America is more divided than ever before, although there is one matter about which we all seem to agree: Marijuana laws need to change. States across the board seem to be ready and inclined to legalize marijuana, or at the very least to decriminalize it. Even sectors in the media you wouldn’t anticipate are on board. Of course, organizations like the National Organization for the Reform of Marijuana Laws (NORML) are pushing for marijuana laws to change, but did you know that so is the Economist, a solidly conservative publication?
Marijuana legalization seems poised to one day sweep the nation, and why not? There is a variety of reasons for its legalization: stopping the moral panic over drugs, dropping crime rates and our overall prison population and disputing the racist marijuana policy. But among all these sensible reasons, one may seem to cry out louder than the rest: legalizing marijuana would give the United States billions of dollars, giving our country’s economy a much-required boost. Marijuana legalization would also considerably enhance state coffers, local communities, not to mention it would save regional and state governments huge amounts of money in wasted law enforcement dollars.
The most apparent economic component of the case for marijuana legalization exists in tax revenues. After all, the annual trade of marijuana is now approximated to be at $113 billion, which is about $45 billion in taxes. Tax authorities are in fact missing out on municipal, state and federal taxes which could finance a broad selection of resources. The money could even be well budgeted for on support plans for hard drug users, given the present incarceration rate. Also, if taking marijuana out of the black market and delivering it into the public light also provides clear savings for the government on top of net tax gains, in addition to ensuring a safe and controlled product. The drug war is notorious for costing the U.S. government a remarkable sum and while these projects encompass a vast range of Schedule I drugs (marijuana, cocaine, heroin, and meth, among others), spending to enforce the law for those illegal substances would considerably diminish without marijuana.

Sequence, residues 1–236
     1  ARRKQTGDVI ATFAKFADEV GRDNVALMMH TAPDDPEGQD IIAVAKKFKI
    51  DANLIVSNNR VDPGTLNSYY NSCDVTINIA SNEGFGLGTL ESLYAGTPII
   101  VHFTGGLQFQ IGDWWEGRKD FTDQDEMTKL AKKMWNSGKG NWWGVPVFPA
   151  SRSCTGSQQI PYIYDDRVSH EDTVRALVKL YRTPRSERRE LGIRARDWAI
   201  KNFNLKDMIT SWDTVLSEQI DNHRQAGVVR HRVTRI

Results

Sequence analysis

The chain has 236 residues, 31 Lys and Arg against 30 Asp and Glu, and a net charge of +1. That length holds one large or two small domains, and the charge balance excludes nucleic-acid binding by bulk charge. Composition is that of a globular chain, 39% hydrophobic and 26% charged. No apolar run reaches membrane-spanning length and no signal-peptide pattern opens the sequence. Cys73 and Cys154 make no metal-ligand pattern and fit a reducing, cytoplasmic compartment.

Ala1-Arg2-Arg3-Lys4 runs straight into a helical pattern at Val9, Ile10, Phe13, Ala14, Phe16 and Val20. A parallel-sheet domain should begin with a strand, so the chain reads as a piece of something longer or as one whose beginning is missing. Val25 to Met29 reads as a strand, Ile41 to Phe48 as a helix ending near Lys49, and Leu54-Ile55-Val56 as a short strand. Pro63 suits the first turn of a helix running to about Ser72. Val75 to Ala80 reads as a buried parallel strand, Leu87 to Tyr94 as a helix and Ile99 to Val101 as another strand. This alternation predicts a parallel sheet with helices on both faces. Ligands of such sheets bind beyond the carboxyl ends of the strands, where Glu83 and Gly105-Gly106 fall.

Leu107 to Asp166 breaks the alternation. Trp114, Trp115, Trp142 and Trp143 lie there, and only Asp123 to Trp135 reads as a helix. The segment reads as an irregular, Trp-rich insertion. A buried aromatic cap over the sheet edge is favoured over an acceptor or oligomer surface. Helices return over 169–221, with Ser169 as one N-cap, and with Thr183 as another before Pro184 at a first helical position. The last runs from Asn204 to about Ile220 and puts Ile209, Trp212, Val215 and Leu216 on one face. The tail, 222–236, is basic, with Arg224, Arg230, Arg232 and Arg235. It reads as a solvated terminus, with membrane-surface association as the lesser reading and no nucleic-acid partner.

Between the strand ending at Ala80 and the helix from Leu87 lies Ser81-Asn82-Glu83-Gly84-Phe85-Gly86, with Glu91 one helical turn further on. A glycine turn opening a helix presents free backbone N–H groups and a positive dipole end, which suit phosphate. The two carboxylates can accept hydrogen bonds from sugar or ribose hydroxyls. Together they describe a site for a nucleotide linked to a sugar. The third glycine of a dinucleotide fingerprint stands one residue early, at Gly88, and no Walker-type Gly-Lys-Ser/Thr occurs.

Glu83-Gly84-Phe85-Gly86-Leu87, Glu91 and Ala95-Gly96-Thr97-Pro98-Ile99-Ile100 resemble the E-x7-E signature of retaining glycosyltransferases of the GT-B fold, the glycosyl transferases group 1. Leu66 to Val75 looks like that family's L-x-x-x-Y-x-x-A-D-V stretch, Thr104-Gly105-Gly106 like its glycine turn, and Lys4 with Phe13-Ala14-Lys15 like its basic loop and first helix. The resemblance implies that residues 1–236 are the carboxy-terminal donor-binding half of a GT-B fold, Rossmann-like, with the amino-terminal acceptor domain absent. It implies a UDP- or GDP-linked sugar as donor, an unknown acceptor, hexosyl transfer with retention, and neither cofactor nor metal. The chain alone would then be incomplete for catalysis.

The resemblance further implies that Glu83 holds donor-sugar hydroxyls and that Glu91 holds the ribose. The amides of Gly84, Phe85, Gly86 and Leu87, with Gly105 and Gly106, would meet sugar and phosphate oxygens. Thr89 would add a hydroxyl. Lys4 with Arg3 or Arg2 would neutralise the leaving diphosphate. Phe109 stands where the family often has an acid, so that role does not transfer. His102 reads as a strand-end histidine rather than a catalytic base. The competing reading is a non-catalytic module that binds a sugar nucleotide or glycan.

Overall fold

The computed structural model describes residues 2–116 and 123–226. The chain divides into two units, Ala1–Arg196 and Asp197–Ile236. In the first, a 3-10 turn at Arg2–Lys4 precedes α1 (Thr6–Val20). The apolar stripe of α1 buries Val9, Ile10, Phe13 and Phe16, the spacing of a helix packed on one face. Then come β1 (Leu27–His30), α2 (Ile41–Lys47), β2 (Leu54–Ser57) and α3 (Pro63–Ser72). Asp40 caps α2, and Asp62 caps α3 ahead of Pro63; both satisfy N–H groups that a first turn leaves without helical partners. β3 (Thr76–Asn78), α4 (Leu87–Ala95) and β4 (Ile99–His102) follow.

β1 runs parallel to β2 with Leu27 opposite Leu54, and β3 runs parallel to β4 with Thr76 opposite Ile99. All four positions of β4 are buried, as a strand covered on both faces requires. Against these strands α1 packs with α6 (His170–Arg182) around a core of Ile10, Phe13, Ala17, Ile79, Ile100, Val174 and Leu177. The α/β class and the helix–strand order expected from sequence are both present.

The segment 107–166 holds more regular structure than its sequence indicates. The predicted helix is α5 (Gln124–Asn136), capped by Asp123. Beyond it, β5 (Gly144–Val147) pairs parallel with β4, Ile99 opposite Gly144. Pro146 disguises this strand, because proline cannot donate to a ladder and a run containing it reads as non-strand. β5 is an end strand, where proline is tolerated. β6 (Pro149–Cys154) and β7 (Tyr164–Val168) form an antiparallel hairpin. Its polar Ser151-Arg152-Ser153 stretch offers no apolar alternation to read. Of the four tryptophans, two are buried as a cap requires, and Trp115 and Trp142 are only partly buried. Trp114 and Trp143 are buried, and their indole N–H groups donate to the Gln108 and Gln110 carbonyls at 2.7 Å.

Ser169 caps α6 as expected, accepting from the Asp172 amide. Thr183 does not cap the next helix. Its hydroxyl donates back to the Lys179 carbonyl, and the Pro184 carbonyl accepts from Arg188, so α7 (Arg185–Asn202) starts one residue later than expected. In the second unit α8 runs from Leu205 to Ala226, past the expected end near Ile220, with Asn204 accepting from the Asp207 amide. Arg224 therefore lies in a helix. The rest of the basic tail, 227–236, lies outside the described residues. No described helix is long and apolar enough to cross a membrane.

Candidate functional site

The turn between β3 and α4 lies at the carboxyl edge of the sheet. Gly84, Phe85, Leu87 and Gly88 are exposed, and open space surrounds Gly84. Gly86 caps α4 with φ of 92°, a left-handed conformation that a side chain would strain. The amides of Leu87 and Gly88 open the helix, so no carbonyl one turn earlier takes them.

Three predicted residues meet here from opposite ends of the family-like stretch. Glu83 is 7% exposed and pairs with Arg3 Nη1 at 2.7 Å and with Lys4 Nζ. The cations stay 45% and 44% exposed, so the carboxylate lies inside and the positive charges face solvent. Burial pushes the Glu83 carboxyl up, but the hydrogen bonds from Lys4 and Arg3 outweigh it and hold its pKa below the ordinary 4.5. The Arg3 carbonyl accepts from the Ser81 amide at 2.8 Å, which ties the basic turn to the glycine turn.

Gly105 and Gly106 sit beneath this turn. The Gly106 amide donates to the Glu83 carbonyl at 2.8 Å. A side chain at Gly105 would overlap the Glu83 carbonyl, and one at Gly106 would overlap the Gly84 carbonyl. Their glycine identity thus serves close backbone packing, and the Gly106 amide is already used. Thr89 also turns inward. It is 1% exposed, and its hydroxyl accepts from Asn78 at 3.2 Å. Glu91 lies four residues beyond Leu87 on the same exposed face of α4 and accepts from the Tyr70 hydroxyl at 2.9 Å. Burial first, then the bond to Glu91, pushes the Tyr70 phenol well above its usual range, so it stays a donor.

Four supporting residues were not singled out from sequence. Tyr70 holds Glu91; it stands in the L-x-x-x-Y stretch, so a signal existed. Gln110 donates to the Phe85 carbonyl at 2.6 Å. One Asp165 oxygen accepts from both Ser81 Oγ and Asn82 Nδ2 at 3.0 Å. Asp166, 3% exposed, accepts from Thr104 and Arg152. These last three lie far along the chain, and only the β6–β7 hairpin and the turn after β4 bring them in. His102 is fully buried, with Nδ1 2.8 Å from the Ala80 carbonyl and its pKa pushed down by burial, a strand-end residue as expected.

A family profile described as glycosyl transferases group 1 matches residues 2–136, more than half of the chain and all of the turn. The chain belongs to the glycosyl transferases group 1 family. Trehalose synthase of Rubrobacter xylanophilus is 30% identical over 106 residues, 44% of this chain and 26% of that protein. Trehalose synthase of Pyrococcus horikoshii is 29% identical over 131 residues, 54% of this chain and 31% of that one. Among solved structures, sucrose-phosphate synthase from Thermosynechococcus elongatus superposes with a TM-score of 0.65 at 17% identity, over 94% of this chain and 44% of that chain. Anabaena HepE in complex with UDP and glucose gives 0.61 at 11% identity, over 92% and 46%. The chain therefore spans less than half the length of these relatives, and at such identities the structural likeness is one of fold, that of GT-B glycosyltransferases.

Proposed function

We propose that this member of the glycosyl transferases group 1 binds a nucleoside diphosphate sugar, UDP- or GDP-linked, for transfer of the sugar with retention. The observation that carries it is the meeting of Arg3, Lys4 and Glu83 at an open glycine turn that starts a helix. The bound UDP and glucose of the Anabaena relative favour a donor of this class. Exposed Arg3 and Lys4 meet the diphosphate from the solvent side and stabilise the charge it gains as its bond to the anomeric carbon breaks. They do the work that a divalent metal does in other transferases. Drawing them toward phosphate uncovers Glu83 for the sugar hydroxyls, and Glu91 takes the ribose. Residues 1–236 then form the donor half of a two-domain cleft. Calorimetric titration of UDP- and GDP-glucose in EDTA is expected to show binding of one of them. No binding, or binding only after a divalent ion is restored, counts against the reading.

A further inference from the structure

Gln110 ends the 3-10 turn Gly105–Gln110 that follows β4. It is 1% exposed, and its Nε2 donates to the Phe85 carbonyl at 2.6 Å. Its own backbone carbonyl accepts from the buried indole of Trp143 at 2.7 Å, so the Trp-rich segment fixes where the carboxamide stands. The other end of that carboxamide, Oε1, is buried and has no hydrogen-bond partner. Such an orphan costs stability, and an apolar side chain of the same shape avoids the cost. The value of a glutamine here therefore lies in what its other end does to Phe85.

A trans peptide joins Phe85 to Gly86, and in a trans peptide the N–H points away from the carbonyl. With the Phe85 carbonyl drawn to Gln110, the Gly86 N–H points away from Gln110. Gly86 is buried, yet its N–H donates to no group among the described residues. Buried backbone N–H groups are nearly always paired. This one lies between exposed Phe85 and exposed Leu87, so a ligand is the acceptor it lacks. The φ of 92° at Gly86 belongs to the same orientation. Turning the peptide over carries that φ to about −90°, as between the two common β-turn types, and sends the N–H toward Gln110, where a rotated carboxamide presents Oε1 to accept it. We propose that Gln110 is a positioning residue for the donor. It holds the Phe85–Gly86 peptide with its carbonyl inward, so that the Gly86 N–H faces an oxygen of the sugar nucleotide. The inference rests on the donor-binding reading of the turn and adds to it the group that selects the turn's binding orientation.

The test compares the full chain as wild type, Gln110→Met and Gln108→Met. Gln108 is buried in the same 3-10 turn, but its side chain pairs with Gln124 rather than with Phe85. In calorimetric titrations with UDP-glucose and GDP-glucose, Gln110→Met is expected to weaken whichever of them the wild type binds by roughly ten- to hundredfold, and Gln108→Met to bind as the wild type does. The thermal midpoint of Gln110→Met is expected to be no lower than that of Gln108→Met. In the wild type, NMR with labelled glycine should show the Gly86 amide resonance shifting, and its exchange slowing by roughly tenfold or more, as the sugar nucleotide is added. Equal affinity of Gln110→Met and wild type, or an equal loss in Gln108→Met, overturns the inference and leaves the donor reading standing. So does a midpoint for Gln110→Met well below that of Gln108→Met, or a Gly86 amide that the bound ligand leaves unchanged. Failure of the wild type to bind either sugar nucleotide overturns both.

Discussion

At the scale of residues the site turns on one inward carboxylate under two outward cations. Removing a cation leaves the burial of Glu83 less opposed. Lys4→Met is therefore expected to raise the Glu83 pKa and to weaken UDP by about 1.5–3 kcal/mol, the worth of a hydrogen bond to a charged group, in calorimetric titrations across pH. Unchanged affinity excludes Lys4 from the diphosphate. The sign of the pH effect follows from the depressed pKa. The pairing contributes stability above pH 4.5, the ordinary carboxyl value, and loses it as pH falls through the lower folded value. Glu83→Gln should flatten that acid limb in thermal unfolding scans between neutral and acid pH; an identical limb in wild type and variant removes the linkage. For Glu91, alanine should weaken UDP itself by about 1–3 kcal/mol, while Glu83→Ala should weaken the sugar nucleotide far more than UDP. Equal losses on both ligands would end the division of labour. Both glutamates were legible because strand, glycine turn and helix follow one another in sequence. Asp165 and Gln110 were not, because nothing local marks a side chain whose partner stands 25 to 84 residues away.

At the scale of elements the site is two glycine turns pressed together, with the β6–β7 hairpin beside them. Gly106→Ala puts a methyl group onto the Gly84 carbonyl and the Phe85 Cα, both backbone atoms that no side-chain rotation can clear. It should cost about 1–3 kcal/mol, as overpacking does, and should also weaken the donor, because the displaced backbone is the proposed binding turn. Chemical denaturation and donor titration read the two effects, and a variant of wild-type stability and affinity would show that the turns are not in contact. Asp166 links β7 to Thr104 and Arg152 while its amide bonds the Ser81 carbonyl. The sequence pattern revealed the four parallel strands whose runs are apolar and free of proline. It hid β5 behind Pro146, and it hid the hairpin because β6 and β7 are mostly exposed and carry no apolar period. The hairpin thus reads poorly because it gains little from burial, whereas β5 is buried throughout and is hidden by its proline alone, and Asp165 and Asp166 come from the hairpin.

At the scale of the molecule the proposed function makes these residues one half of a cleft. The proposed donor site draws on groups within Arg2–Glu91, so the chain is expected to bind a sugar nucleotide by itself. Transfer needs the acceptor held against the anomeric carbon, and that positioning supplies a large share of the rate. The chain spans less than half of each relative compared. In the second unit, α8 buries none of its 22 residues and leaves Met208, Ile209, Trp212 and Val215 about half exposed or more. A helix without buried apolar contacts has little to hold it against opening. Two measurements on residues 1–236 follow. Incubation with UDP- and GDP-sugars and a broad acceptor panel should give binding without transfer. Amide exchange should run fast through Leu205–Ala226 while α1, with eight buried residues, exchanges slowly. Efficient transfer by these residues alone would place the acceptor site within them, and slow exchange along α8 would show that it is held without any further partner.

Through legislation, many other facets of debt and spending would also decline if marijuana laws were to change– first among them being prison expenses. Statistically, an approximated one in four people is in prison because of a non-violent drug offense. This consists of the possession, sale, and repeat offense related to marijuana. Marijuana-related busts make up a massive portion of law enforcement actions involving drugs.
Cutting down on the number of people incarcerated for a relevant offense also has secondary economic advantages, by keeping people in their own neighborhoods. Systemic poverty can be directly linked to fractured communities, such as those that have been torn apart by the drug war. Allowing people to remain with their family members, economically get included in their communities and add to society enhances not only their own economic situation but the community’s as well.
Economically, the legalization of marijuana would certainly create a ripple effect through related industries. Cultivation, farmers, farm workers, fertilizer firms, and various other manufacturers of agricultural products all stand to benefit. In addition, given the vast power requirements related with indoor growing, it’s possible that the potential boost in marijuana cultivation could also increase the alternative energy industry– particularly as consumers push for organic and ethically produced marijuana. In addition, an increase in open cultivation would lessen illegal farming, fertilizer pollution, and similar concerns, which is fundamentally better for the natural environment. Without the need to contract crews to take care of expanding operations, such marijuana producers could spend their funds more successfully.
It appears considerably contradictory that a nation that loves to tout free market capitalism would be so sluggish to legalize marijuana. The web of morals and intoxicants doesn’t seem to hold an impact on the legalization of tobacco and alcohol, whose business sectors remain exceedingly controlled and unbelievably rewarding. There is some light peeking through the clouds of pretension, nonetheless, with Washington D.C., Oregon and Alaska now in the process of marijuana legalization. And even though the legalization move was shot down in Florida, it was only a bit of a hindrance. It seems that at this direction, these states will follow the ranks of Washington and Colorado, who have actually completely legalized marijuana.
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